Sometimes, people should really think before they say something. Such is the case of Lawrence Summers, president of Harvard(!). Check out the CBC version of the story here:
Basically, to a workshop of selected scholars on how to diversify math and sciences, he suggested there are “innate differences” (from men, I presume) that prevent women from succeeding in math and science. For a smart man, he made several mistakes.
Mistake #1 - Watch your audience, buddy! He was talking to a group who have been invited to basically talk about how to include societal groups those not already involved in science and math. Let’s not get rid of a rather large group of possibility.
Mistake #2 - Get the message right! Believe it or not, he may be right in saying this should be better studied - I’ve always been curious on the reasons why there are less women in science and math, and who knows if maybe there are typical traits in one sex that makes math and science more interesting (I lump engineering in here too, by the way). But that would only explain why women don’t ENTER these fields, certainly not why those who brave the sometimes cold climate to follw a dream, don’t seem to achieve as much as male counterparts. And most women who go for it DO succeed!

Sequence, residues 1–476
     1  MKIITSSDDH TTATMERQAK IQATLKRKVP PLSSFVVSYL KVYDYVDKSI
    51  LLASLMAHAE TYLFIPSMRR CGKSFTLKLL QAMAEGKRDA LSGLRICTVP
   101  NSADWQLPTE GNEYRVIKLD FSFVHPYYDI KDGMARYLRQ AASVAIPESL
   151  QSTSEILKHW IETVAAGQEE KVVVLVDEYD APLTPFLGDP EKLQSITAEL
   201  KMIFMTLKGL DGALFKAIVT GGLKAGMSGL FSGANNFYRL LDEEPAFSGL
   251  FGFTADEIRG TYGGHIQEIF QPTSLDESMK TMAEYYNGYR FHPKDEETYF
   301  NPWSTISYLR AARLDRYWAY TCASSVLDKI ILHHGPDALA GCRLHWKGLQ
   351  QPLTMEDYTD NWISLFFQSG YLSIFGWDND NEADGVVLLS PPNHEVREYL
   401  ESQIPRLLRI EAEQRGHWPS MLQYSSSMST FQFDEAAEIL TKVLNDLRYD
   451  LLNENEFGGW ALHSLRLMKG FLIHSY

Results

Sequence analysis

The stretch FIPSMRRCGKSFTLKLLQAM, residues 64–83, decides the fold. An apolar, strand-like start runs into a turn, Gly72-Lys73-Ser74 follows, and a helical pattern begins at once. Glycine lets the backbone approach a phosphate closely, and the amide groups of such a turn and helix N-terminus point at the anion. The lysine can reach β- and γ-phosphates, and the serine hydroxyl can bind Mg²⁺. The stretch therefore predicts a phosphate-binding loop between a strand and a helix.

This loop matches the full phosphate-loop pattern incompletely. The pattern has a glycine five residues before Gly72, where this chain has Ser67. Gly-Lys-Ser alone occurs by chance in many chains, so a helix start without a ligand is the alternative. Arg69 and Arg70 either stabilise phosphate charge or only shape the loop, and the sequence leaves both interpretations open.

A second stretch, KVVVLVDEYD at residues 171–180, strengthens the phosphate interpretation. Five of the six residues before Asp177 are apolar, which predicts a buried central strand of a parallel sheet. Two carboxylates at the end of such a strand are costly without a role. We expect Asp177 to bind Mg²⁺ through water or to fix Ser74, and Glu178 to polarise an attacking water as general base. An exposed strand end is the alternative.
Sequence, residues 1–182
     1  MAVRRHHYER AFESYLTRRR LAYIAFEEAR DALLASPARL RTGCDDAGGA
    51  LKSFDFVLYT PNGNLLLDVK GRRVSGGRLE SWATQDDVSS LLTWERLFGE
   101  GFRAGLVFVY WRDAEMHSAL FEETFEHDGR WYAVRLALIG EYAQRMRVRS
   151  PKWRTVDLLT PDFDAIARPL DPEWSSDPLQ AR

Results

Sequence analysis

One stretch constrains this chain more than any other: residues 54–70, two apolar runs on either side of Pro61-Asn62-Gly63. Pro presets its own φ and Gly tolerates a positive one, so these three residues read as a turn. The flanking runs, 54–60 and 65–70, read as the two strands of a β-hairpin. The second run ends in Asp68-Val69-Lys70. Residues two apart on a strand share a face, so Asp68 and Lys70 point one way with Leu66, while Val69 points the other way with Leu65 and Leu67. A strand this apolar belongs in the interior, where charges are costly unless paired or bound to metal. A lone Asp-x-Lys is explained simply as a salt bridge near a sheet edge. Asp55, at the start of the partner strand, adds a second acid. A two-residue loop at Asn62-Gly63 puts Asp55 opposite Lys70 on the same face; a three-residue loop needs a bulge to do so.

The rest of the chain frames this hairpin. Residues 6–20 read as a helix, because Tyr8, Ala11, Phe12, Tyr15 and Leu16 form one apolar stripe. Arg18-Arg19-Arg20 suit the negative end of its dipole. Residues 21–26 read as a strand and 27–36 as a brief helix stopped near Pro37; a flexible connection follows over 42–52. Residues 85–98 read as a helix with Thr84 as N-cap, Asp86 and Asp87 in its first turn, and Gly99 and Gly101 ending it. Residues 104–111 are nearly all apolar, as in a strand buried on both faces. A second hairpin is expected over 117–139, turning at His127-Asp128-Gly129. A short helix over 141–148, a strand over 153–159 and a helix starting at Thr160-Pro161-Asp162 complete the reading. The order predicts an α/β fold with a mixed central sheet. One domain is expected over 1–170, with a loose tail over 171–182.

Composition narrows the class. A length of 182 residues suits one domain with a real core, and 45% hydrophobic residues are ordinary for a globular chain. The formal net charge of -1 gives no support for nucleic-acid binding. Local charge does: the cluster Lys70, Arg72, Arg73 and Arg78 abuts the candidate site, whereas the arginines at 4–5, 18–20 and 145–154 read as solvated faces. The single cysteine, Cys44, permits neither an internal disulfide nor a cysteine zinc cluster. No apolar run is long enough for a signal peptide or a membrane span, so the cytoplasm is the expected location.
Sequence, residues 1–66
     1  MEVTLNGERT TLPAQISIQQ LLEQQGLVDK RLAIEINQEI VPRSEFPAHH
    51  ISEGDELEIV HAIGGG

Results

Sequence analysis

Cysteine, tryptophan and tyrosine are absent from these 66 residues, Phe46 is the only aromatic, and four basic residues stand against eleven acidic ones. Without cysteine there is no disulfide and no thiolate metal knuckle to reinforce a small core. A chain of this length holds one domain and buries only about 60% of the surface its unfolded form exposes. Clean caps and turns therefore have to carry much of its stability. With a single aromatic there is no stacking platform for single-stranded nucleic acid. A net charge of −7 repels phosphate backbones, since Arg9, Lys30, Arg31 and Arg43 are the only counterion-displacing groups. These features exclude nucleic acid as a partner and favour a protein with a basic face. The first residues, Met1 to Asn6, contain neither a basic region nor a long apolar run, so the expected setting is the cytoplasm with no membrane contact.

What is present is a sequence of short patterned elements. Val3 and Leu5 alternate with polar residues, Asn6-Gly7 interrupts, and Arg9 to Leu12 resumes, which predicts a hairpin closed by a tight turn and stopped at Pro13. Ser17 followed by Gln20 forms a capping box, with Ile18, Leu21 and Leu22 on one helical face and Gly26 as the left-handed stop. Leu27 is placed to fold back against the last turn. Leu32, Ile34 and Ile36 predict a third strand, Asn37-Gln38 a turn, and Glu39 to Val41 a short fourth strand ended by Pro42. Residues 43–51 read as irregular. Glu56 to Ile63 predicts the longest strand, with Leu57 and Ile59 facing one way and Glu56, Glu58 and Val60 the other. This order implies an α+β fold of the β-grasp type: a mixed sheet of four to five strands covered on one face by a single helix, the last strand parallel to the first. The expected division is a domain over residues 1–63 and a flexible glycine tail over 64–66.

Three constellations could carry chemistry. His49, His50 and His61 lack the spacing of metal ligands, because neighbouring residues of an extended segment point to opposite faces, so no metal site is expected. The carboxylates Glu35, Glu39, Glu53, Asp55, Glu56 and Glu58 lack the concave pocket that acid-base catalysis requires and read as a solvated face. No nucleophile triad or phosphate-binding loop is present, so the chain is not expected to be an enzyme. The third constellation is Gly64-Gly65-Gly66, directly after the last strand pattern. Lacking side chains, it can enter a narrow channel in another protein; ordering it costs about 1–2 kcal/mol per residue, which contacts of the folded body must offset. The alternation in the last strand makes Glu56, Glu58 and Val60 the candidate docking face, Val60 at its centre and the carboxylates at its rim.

Mistake #3 - Even if the audience was a little different, or the message changed a bit, the president of one of the world’s best universities should not make such statements that relate to half the world’s population, without first doing a little research of his own to back such claims. How his daughter named her trucks doesn’t count (that’s in another story on the same topic, see here ).
MAYBE the reason why some women don’t succeed in non-traditional fields is because the “traditional” folk still see those fields as “their” domain. Maybe it’s such comments that differences exist in academic ability of men and women that turn off women from being successful - if they say this when you fail, what will they say when you do better?